taste. But this is the growth of the of severer studies,--to simpler,healthier genuine native love, which may be pleasures, and to the service of real wild and erring to be sure, though, as life. we conceive, no more to be set right But poetry may have importance to than produced by men lecturing upon the mind also, as the character of that it-for the only kind of cure lies in mind, and the external circumstances all instruction, in every association of its condition, permit the study of that teaches self-suspicion, self-govern- the arts of imagination lawfully to be ment, and sobriety of mind-in short, made an important pursuit. To such in all mental discipline.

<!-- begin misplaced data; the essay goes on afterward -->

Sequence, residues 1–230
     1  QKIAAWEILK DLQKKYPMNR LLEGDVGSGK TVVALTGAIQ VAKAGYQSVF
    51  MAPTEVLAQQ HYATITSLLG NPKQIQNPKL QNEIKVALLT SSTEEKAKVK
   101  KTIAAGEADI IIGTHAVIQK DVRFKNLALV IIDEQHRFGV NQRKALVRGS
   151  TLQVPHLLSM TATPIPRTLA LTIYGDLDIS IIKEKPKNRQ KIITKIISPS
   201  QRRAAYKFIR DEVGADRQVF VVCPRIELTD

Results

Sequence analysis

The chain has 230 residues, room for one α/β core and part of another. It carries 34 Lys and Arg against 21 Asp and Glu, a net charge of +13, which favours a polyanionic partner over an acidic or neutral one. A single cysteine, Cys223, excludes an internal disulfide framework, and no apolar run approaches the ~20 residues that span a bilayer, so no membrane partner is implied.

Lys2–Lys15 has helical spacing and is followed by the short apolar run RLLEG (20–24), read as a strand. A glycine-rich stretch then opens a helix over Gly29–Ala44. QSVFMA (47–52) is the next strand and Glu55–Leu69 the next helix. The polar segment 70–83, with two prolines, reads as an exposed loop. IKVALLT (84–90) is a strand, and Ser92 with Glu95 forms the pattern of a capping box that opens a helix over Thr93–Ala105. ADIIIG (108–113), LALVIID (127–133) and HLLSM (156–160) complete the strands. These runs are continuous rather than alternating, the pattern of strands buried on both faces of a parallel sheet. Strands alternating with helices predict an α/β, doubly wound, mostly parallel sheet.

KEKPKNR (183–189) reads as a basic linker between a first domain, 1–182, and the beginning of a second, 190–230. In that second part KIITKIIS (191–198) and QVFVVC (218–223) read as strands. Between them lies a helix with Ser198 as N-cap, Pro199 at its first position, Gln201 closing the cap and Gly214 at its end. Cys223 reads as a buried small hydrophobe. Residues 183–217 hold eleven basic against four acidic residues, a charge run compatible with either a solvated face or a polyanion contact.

a mind it is evident, that a just reguWe may, in farther prosecution of lation of taste does become important; this view of the subject, remark, that because so much of its powers is instruction in poetry must be in- given to the pursuit, that no less is tended either to impart a taste for therein implied, than a just regulation poetry, or to correct it. Now, as to of the intellectual faculties. By what giving, implanting, diffusing, a taste means then, is a youthful or more adfor poetry, --such a taste is a feeling, vancing mind, to which the just study an affection of the imagination, and of of poetry, and the just regulation of the passions ; an application of natural the action of so many powers, is an sensibility to its peculiar object. Know- object of real importance,-by what ledge and skill may be imparted by means is such a mind to get the instruction ; but emotion, enjoyment, benefit of such regulation ? By infervour, seem by their very nature, ex- struction in poetry, as a part of cluded from its province. The love systematic education? Rather by of poetry, in truth, belongs to sensibi- universal instruction. As far as the lity, not to intellect. The only legi- mind itself is to be formed and governtimate object then, we might say, the ed, -by ail those serious and dignified only intelligible object of instruction studies which call the higher faculties in poetry, is to rectify the taste. How into strenuous and ardent exertions ; then is this to be done? In the first and as far as poetry itself is concerned, place, it supposes a taste to be recti- by setting before it the highest models, fied, -it presumes a love of poetry,– and leaving them to work their own and a very considerable acquaintance effect. The study of poetry will itself with its productions. It not only sup. receive the influence of such general poses a love, but that such love has high intellectual instruction. For the grown up into too wild luxuriance. light which is in the mind, will fall To correct all this will be important, upon all its works. It will itself turn only in as far as poetry itself is an obé thought, intelligence, knowledge, upon ject of importance to the mind. Now that which is to itself an important and poetry may have an undue and dan- cherished pursuit. In every mind, gerous importance, by taking too much the love of poetry, in whatever degree of a practical hold on the sensibilities; it exist, is of the nature of feeling and by entering into, exciting, and dis- passion. It is of the things therefore, turbing, the feelings that belong to real which belong, we might almost say, life. I'his is a danger, that does, be- to the privacy of the mind; to the yond all doubt, attend poetry, with things which' it keeps to itself, and young and susceptible minds. Most into which another cannot penetrate. surely it is not to be guarded against To intrude upon it, -to interrogate by instruction in poetry,--by any de- it-to lay it out in public examinavelopement of canons of criticism,